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Trust, personalization, and data were the three themes outlined Airbnb’s Openair engineering conference’s opening talk. The event followed two tracks: Machine Learning and Global Scale. So what’s a kindly designer doing somewhere like that? I’ll tell you.

I believe the future of technology will be invisible, less interfaces, smarter computers, and more face-to-face time. Perhaps physical, perhaps digital. So it makes sense the home sharing travel company would create a conference about scaling human connection. It’s all about the systems designed behind the experience that help people spend more time together.

I went to Openair to broaden my understanding of what is possible so I can build better services for people. I wanted to improve the quality of my technical conversations with developers. Naturally, I also wanted to peep at their branding collateral and interior design: it was on point and cozy like a home. I’m also focusing my attention on smaller conferences and festivals for more niche experiences that go deeper instead of wider. This one was a homerun.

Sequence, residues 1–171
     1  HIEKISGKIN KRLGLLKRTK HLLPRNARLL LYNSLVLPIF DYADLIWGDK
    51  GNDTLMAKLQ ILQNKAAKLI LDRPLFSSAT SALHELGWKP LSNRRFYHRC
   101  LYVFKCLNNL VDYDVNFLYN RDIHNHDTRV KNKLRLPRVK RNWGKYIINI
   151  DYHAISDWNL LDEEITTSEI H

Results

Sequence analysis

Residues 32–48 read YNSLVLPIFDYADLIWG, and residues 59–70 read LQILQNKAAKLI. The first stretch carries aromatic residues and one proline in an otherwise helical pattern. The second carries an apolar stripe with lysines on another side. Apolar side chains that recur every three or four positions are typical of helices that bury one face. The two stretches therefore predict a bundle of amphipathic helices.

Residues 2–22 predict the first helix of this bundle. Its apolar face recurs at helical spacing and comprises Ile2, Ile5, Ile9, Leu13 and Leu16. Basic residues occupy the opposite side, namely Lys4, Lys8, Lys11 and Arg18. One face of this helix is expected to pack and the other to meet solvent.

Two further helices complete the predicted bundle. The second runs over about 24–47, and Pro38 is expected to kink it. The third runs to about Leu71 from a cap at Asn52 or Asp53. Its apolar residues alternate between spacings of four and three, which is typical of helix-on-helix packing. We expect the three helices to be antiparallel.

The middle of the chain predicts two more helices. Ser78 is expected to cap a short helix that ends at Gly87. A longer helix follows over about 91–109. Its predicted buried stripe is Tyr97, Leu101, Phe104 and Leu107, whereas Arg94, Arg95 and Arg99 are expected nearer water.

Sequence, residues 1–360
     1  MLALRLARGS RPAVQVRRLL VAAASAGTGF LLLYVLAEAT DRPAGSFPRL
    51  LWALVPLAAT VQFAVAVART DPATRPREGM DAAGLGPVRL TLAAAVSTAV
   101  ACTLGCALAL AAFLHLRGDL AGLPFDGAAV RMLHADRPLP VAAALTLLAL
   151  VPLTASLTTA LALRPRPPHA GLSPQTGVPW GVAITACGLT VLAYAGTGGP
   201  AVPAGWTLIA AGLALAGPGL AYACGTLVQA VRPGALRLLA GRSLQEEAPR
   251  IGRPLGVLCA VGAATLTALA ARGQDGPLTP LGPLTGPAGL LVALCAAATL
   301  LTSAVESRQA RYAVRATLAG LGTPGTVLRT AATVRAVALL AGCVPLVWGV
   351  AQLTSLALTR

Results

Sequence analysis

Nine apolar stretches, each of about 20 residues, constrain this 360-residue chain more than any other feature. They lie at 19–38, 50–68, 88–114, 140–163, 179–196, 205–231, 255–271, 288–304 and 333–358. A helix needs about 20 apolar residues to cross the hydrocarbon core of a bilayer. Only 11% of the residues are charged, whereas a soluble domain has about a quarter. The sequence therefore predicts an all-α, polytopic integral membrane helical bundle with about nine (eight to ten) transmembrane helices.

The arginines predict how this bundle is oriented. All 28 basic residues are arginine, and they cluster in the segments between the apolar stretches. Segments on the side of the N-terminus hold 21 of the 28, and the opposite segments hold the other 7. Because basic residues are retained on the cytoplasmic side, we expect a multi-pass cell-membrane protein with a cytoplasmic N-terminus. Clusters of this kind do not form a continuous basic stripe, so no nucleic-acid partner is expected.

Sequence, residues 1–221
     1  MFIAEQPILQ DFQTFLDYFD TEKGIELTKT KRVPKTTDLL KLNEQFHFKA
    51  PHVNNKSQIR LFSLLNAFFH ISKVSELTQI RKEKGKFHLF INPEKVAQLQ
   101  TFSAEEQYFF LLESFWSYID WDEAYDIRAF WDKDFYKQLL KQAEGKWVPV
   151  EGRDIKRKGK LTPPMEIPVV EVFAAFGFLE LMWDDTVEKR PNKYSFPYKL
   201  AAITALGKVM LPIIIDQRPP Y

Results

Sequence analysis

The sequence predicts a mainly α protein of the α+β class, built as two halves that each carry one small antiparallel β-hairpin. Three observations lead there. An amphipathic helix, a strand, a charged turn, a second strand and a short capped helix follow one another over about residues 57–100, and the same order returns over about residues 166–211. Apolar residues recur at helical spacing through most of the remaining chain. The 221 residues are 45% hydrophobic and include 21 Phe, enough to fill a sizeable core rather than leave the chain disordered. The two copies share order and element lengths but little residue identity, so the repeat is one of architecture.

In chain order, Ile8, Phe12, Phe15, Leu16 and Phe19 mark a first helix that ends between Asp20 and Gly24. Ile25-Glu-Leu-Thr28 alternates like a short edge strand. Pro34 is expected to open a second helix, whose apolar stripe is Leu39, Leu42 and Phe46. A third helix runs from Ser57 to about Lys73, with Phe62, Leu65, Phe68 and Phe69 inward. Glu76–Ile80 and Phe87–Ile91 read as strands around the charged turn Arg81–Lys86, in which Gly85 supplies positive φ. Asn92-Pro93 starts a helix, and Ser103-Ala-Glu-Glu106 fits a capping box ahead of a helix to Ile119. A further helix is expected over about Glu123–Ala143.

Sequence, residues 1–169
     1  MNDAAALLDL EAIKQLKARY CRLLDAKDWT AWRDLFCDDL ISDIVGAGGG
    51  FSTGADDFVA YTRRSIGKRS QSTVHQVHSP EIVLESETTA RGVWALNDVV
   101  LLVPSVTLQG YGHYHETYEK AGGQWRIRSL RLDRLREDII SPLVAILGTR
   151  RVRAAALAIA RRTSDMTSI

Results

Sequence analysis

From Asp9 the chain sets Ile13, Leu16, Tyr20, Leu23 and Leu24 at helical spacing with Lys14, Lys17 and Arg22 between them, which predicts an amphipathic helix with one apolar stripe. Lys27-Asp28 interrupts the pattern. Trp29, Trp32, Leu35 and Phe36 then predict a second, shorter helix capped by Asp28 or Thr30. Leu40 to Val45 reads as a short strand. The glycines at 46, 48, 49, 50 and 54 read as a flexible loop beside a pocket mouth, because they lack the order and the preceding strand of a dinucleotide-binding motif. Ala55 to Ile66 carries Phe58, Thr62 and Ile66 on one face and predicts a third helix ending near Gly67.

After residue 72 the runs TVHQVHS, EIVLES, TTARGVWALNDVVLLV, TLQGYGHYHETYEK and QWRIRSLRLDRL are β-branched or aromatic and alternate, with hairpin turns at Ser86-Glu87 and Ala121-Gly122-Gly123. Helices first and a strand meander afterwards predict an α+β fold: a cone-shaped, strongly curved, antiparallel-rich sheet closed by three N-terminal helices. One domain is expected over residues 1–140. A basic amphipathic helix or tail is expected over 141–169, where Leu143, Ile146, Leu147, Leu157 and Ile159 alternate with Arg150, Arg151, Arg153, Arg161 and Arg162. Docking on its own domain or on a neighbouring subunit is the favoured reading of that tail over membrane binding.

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https://d262ilb51hltx0.cloudfront.net/max/800/0*0TPkoPMQNygqsGl6.jpegStroll down 18th street or visit Baker Beach on any day of the week in San Francisco and you’ll find so many people out, you’ll think it’s Saturday. You won’t be the first to wonder if anyone in this city of workaholics is actually working.

I left my full-time job and took an unstructured staycation of exactly one month. I wanted to reconnect with people whom I’d lost touch, spend time writing and reflecting and improve my diet, sleep and exercise routines. My only restrictions were from traveling, shopping and developing new technical skills. Otherwise, life was an open book.